Maplesoft Blogger Profile: Paul DeMarco


Director of Development

Paul DeMarco is the Director of Core Technologies at Maplesoft, a position that has him involved with technical planning and development of Maple and the various technologies that use Maple as a computation engine.

He joined Maplesoft in September 1996 while studying at the University of Waterloo in the CS/EEE program -- a track that combines core math and computer science courses with electrical engineering electives.

Moving from the math to the kernel group in 1997 he still actively writes new code.

Paul's work on the Maple kernel touches a wide variety of areas, including algorithms, data structures, and connectivity with other products. He is also involved with the development process, ensuring the right tools are in place to build, test, and deliver reliable products.

Paul was born in Canada and grew up in the Waterloo area. He is married and has 6 children. He is an avid sports participant, taking charge of the Maplesoft Mathletics softball and hockey teams, and joining in weekly cycling tours with coworkers at lunch. He enjoys wood-working on small projects like carving, and boxes, and large projects like a floor-to-ceiling wall unit with 16 dove-tailed drawers, 8 raised panel cabinet doors, topped witch crown moulding, all cut, planed and sawn from cherry trees felled from the family farm.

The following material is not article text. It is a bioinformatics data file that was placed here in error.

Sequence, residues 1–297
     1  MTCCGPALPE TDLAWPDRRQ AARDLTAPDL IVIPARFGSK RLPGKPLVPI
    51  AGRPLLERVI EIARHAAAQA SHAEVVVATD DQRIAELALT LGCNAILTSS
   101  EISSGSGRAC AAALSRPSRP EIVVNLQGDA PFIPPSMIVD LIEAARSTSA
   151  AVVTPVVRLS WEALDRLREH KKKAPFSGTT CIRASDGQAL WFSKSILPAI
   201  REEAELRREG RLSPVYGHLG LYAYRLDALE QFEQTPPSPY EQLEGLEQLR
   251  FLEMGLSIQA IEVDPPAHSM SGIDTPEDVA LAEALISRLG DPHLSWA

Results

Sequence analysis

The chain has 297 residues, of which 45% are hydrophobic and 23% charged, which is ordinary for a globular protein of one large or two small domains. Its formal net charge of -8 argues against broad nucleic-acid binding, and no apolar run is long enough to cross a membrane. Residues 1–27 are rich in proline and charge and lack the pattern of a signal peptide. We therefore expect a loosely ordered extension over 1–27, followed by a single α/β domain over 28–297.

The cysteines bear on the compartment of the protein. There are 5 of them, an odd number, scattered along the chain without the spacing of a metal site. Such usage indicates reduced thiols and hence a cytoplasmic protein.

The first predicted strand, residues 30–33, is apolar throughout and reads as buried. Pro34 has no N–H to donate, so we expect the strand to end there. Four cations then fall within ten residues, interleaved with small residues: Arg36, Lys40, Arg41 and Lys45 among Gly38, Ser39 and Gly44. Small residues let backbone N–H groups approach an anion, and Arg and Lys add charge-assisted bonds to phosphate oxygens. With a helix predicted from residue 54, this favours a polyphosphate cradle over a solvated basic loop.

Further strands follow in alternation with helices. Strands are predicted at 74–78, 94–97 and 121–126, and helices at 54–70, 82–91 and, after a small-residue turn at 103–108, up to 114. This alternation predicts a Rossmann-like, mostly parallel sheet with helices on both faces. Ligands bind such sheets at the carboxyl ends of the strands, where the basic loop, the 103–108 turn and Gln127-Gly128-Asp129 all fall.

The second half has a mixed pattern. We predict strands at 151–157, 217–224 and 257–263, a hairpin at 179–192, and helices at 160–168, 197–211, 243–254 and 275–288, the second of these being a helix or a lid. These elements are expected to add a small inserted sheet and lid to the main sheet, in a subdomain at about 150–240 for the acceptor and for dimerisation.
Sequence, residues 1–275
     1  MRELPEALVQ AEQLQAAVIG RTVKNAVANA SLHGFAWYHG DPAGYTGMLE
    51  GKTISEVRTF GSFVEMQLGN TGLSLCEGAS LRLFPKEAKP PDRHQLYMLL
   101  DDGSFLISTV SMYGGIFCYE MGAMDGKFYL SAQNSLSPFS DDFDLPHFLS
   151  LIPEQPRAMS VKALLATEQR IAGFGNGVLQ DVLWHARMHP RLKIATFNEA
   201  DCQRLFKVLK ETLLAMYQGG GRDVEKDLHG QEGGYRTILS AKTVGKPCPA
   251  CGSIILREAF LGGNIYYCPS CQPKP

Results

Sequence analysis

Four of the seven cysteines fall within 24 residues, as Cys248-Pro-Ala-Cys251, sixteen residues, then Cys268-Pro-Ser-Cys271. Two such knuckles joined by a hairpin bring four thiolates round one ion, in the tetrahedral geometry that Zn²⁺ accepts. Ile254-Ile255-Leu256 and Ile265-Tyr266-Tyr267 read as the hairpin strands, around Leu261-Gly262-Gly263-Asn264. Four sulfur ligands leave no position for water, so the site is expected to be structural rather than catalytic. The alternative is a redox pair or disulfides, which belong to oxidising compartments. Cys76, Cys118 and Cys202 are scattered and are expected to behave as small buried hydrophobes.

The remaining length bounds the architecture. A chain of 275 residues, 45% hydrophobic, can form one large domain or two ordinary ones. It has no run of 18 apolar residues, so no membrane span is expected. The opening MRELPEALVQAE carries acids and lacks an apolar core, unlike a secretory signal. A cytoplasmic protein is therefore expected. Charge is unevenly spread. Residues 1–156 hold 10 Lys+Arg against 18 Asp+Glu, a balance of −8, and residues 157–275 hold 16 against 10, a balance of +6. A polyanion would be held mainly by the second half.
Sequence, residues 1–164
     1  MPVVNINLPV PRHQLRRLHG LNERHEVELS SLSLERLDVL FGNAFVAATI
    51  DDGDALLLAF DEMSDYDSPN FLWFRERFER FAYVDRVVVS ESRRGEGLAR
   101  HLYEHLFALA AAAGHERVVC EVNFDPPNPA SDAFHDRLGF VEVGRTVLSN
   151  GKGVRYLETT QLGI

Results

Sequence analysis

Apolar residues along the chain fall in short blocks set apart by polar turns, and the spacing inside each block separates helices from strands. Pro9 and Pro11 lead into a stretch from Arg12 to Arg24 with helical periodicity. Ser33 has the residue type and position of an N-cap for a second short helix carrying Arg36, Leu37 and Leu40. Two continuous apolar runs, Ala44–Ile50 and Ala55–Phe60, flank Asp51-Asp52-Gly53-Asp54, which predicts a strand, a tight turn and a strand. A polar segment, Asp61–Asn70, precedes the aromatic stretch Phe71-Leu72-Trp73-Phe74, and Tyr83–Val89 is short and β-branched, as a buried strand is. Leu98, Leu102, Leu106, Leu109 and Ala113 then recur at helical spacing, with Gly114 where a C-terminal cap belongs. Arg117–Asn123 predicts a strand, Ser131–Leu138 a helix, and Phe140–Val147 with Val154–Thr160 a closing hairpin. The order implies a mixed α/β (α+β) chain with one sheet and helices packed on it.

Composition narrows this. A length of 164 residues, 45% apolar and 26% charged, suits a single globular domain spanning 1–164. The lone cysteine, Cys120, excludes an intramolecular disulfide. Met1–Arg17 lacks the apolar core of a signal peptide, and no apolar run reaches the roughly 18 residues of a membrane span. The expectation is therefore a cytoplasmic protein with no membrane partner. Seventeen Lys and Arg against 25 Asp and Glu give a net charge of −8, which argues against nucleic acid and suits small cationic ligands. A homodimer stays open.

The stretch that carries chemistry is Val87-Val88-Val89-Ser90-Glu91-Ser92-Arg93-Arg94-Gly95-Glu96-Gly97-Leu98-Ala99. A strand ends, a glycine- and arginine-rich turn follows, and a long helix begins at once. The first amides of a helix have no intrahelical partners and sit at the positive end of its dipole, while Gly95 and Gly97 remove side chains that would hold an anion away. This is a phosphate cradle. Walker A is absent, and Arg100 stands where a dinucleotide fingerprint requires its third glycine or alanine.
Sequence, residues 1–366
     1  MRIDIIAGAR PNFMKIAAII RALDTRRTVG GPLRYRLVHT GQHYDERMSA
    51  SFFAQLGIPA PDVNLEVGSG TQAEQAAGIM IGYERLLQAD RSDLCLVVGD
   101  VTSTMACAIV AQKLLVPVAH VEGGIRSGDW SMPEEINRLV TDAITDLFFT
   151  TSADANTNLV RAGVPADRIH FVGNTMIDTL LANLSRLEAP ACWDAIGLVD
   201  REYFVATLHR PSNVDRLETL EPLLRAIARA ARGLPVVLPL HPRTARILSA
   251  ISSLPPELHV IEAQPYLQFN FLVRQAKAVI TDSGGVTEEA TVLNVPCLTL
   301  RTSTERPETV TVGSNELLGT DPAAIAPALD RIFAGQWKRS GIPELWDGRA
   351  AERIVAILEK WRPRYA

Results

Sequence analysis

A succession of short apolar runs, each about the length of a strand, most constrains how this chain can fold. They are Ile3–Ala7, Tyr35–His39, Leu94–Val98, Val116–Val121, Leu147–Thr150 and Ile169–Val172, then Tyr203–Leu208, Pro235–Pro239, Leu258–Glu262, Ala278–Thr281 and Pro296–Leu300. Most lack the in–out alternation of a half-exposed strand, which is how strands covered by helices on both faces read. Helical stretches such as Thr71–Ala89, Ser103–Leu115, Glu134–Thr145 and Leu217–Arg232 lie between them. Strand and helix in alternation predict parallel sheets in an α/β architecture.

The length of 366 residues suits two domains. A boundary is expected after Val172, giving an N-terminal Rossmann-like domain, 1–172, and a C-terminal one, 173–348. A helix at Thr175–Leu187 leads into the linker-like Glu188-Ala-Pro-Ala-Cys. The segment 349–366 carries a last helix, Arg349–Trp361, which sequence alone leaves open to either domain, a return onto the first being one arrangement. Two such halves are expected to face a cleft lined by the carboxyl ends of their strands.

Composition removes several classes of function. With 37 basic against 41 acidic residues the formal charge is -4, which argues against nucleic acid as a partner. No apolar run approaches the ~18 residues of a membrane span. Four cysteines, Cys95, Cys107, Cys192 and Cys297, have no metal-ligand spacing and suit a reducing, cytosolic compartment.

Posts by Paul DeMarco



3D Paper Physical Model

Classic Triangle Peg Board GameIn high school I was briefly fascinated by a triangular "jump all but one" game, commonly found at Cracker Barrel restaurants.  The basic premise is that any peg can "jump" over an adjacent peg to occupy the empty hole next to the jumped peg.  The jumped peg is then removed.  The goal is to continue jumping pegs until there is only one left.  

The instructions on the face of the Cracker Barrel version of this game say, "LEAVE ONLY ONE -- YOU'RE A GENIUS".  Wanting to claim the right to call myself a genius, unlike ordinary kids, who might just play the game a few times, I sat down on my Turbo-XT and started writing BASIC code.  The algorithm I came up with ran a bit slow, so I directed output to my printer and let it run over night.  In the morning the program was still chugging along.  I advanced the paper feed on the dot-matrix lineprinter -- the kind that used continuous feed paper with perforated edges and holes on each side.   Into view came 3 solutions represented by a string of numbers.   A quick check verified that I was now a genius.  

The Canadian Press reported last week the fortune of 13 women working on the 13th floor of an Edmonton bank tower winning a $50-million lottery jackpot. Combine this with the recently released version 13 of Maple and one might claim that notorious number 13's luck is changing.

Early in the development of Maple 13 the question of whether to use "13" was raised. From Apollo 13 to hotels with a missing floor, superstition surrounds this number.  Microsoft Office 2010 is slated to be released as version 14.0; the previous version was 12.0. Corel's WordPerfect Office marketed their version 13 as "X3" -- combining a roman numeral and decimal digit.

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